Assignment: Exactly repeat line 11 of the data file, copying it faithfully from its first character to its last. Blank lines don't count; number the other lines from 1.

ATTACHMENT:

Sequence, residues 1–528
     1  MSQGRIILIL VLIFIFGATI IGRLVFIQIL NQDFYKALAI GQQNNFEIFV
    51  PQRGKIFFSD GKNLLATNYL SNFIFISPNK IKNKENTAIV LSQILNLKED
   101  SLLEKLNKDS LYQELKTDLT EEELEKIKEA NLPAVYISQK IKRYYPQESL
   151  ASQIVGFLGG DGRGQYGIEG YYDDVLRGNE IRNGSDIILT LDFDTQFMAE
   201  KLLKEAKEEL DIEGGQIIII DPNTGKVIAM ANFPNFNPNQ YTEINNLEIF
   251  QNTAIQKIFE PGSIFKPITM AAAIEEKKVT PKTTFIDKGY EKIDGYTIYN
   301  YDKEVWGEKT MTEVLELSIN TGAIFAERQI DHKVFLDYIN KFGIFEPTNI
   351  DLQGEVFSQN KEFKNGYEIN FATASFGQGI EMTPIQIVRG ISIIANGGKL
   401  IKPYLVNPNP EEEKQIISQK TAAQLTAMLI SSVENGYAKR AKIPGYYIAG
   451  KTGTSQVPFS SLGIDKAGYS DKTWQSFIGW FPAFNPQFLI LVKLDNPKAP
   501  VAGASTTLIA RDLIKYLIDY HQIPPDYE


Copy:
   451  KTGTSQVPFS SLGIDKAGYS DKTWQSFIGW FPAFNPQFLI LVKLDNPKAP